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Recent posts

5 Reasons Why You Should Be Watching Masters of Sex (Photos NSFW)

Within the span of three days, I received text messages from each of my (divorced) parents insisting that I watch “the new sex show” on Showtime. Mind you, my parents assume that my newly-minted bachelor’s degree in Sexuality Studies grants them permission to send me a daily smattering of sex-related articles, which I usually find sort of endearing and only slightly annoying. For whatever reason, I decided to give this particular suggestion a go. And oh. My. Continue Reading →

Sexism In Science

In case you missed it, a scientist who contributes to Scientific American turned down a blogging opportunity from one of their affiliates – who then called her an “urban whore.” And yet, rather than use this as an opportunity to combat racism and sexism in science, the blog removed her post commenting on the issue. It’s since been restored, but important questions remain: how can we hope to address issues of inequality (by gender, ethnicity, sexuality, and other identity factors) if there’s still so much bias at institutional levels? And how do efforts to combat sexism and racism in science reflect similar struggles in other parts of society? Continue Reading →

Informed Consent: The Zimbardo Experiment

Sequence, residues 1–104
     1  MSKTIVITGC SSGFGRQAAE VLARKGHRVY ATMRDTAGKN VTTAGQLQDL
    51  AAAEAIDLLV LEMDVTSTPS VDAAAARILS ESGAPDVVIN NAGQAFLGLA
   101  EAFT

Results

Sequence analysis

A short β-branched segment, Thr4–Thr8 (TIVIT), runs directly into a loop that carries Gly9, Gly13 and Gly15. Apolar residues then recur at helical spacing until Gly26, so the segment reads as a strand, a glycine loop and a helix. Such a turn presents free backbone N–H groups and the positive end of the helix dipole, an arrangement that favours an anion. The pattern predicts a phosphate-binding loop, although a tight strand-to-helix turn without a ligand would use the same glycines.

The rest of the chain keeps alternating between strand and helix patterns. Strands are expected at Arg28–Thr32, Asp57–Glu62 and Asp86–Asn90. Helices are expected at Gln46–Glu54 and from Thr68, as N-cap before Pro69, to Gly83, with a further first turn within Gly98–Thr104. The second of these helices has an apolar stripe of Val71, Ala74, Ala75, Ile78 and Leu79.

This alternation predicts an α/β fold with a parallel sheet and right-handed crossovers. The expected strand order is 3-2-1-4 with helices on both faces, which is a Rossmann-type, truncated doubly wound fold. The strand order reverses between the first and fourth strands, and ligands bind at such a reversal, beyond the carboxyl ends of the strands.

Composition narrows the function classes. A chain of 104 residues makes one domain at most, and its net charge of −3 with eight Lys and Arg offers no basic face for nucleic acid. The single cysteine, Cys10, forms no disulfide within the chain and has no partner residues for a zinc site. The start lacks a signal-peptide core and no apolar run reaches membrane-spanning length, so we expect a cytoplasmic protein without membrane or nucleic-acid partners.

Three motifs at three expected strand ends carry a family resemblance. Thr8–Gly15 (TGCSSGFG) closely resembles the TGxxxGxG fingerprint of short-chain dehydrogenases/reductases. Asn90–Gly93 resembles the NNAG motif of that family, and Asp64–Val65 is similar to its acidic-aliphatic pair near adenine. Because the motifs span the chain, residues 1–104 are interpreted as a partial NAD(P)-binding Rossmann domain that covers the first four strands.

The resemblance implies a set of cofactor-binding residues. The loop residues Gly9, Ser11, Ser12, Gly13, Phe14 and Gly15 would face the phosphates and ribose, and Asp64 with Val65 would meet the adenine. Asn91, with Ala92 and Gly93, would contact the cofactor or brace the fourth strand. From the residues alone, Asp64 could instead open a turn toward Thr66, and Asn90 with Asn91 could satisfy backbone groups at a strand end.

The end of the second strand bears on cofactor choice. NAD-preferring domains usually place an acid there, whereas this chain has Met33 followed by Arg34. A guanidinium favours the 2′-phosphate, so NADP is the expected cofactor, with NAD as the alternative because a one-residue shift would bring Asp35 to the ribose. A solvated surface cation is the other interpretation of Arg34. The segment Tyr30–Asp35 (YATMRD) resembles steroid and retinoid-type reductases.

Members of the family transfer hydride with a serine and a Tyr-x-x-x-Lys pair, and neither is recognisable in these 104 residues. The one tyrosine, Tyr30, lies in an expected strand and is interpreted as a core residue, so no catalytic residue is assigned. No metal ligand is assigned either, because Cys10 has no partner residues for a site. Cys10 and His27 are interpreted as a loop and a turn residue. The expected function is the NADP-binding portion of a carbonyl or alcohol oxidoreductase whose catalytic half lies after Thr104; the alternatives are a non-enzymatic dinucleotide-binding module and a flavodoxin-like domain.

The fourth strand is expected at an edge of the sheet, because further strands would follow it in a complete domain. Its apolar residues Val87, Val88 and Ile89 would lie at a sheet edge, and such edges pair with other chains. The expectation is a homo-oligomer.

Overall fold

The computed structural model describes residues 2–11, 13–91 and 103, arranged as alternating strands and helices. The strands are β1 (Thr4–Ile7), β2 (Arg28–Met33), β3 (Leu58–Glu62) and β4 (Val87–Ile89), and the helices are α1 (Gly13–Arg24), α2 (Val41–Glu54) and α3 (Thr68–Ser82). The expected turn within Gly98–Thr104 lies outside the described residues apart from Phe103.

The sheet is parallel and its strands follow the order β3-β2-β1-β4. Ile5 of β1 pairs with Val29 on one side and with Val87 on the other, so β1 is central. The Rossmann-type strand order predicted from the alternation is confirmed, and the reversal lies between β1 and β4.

Also called the Stanford prison experiment, this psychological experiment is known along with Milgrim’s experiment as one of the most compelling pieces of evidence for the human tendency to react dramatically to power imbalances. A group of young people were randomly divided into prisoner roles or guard roles, and the arbitrary amounts of cruelty and control exhibited by the guards exceeded anyone’s expectations. This video clip shows some of the original footage as well as present-day commentary (and some hilarious 1970s hairstyles). The subjects knew that they were in an experiment, but they had no way of knowing how drastic the humiliation and psychological suffering would be. So again, we return to the idea of informed consent – that it’s important for people to understand what kind of situation they’ll be getting into in advance. Continue Reading →

Informed Consent: The Milgram Experiment

I mentioned in the first informed consent post that we apply the idea of informed consent in academia and research in order to make sure we’re being ethical when dealing with human subjects. Why is this a big deal? Stanley Milgram’s experiment that tricked people into thinking they were administering electric shocks (in dangerous amounts) to other people is a great example of how an experiment can be psychologically damaging to people who don’t know what they’re in for. This video clip succinctly explains the experiment and shows footage from a similar experiment. If you felt disturbed while watching it, just imagine how the unknowing subjects involved felt! Continue Reading →

Science, Gender, And Needlepoint

As a folklorist, one of the areas of human existence I study is material culture. We talk about material culture as culture made material: literally, the objects created by humans that display facets of culture, belief, and worldview. Sometimes we’re interested in the material culture of the present, ranging from handmade works like pottery to re-purposed mass-made objects like scrapbooks or quilts. Like archaeologists, we look at objects of the past, too. Folklore intersects with sex in many ways, and material culture is no exception. Continue Reading →